Owing to the small size of the Presbyterian Church at Greenwich, which Miss Benedict attends, the
ceremony will be performed in the Second Congregational Church, the largest church building in
the town. The interior arrangements of the building are to be altered in order to adapt it for the
Episcopalian form of service, which is to be used. Preparations are being made for an elaborate
display of flowers and plants.
The marriage will be performed by the Rev. Dr. Thomas S. Hastings, ex-president of Union
Theological Seminary, the father of the bridegroom assisted by the Rev. Henry M. Sanders, pastor
of the Madison Avenue Baptist Church. The service will be elaborated by the singing of several
selections by the vested male choir of Trinity Church, this city. Victor Baier, organist and
choirmaster of Trinity Church, is to have charge of the music. The bride will be unattended save by
a page, Lawrence, son of Stanwood White.
The best man will be Charles F. McKim, of McKim, Meade & White. The ushers will be W.
Harris Roome, Robert H. Russell, Herbert Satterlee, Henry Barbey, Arden Robbins, William B.
Coster, Charles Dana Gibson, Frank S. Hastings, a brother of the bridegroom; Mr. Barle, the Hon.
Cecil Baring, Percy Turnure and Stanford White, of McKim, Meade & White.
Following immediately upon the service will be a reception at Indian Harbor.-
The bridal trip will be a tour in Europe. Mr. Hastings and his bride will sail on Thursday by the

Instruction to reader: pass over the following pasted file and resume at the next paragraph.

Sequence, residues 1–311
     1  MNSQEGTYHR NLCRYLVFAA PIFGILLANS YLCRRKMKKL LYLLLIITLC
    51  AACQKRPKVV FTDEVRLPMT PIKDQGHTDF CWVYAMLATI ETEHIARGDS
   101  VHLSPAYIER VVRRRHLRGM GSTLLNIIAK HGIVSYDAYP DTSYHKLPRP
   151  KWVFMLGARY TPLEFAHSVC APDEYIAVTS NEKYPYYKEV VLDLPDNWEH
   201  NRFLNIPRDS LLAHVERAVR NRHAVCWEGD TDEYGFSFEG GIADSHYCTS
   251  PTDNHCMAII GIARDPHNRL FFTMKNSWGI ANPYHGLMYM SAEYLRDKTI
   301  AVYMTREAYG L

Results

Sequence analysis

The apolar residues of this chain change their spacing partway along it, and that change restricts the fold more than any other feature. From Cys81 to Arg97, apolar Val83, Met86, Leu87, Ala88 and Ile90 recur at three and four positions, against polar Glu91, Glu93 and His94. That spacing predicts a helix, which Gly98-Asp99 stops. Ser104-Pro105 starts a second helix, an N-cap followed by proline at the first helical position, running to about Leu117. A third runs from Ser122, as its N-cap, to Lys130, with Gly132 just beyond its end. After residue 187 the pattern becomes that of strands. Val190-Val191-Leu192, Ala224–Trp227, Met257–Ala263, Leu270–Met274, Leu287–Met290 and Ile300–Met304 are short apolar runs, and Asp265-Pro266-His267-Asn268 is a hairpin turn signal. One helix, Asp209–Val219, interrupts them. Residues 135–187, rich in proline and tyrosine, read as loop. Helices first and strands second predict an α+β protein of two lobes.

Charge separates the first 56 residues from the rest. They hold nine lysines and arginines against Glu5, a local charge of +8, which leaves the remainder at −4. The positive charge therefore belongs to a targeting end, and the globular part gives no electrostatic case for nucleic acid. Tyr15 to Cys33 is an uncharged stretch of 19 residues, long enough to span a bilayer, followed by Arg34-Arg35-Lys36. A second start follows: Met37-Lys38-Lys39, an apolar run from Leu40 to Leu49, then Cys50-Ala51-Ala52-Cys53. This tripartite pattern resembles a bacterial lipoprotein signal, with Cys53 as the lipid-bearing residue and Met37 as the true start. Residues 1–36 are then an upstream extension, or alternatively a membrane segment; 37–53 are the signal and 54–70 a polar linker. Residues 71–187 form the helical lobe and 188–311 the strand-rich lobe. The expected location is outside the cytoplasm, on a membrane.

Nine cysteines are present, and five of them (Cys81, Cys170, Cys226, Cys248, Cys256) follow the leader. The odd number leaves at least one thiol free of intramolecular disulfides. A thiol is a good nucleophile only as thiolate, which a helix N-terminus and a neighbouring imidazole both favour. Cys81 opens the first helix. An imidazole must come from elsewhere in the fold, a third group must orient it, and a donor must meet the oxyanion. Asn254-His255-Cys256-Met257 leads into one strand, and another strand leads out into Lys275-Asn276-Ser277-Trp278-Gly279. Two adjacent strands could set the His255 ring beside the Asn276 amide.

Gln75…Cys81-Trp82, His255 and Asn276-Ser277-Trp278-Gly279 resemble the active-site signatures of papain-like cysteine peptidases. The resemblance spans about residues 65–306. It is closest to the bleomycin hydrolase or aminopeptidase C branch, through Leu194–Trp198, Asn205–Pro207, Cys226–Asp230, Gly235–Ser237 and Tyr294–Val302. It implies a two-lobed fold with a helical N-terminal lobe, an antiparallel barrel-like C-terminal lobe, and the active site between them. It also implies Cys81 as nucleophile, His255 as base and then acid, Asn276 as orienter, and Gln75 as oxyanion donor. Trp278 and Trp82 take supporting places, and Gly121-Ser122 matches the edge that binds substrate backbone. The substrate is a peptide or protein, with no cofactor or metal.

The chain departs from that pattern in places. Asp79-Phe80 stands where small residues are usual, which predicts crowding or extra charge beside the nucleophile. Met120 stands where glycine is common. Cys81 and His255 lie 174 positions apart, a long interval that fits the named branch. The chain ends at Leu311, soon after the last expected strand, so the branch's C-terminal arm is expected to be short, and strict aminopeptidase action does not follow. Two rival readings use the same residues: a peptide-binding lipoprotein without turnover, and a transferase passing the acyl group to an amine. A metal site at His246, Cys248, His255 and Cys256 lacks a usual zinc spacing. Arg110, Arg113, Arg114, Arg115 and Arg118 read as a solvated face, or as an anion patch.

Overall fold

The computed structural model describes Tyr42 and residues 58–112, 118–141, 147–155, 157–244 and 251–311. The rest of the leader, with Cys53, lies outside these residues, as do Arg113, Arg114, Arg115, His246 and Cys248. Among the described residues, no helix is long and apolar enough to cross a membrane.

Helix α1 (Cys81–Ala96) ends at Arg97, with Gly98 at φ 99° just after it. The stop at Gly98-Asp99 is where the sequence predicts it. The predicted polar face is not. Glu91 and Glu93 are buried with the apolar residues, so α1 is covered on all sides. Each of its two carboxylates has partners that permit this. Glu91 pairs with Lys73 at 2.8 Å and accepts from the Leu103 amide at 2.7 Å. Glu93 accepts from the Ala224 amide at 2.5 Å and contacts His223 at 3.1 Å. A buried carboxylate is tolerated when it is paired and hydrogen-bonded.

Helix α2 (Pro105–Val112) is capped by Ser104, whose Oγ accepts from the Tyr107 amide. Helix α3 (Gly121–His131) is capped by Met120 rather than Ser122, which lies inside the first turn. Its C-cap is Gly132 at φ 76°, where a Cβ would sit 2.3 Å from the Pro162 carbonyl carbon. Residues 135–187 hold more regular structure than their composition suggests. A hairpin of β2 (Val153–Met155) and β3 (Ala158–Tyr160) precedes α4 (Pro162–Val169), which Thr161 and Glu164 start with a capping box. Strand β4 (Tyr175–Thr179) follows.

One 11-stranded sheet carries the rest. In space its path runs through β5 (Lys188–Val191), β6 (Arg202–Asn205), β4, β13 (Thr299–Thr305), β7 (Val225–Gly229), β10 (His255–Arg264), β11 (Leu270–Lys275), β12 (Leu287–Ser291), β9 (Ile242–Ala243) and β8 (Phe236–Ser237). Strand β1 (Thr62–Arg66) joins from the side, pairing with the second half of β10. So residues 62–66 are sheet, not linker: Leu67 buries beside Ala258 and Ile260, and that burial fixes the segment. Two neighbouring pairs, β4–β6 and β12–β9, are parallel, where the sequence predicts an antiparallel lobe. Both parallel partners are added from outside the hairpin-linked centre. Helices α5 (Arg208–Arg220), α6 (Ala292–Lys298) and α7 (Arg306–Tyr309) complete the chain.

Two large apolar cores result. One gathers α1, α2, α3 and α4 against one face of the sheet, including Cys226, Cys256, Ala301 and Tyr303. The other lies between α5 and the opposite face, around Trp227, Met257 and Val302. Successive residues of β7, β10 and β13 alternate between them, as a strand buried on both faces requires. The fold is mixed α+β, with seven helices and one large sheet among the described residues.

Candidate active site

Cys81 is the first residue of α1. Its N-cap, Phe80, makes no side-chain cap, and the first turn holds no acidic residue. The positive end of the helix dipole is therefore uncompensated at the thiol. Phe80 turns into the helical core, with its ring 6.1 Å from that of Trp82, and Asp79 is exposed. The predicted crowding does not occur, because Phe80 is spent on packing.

North German Lloyd Line. They will be gone several months. In the course of their trip they will
visit the Paris Exposition. Upon their return they will live in this city.
Thomas Hastings, the bridegroom, is a member of the firm of architects Carrere & Hastings which
is designing the building to be erected in Bryand Park for the New York Public Library and the
new building for the National Academy of Design. He was born in this city in 1860. He studied two
years with different architects in this country and then went to Paris, where he spent four years in
the Ecole des Beaux Arts. While in Paris he met John M. Carrere, his partner. Upon returning to
this country he, with Mr. Carrere, entered the offices of McKim, Mead & White, where they
remained until 1885, when they severed their connection with that firm in order to undertake the
designing of several buildings to be erected at St. Augustine Fla., by H. M. Flagler. These buildings
included the hotels Ponce de Leon and Alcazar, two or three churches and a railroad station. Later
they designed a mansion for Henry T. Sloane, in East Seventy-second St., the City Hall at
Paterson, N. J., and E. C. Benedict's summer house at Indian Harbor, Greenwich.
Miss Benedict is the second daughter of Mr. and Mrs. Benedict.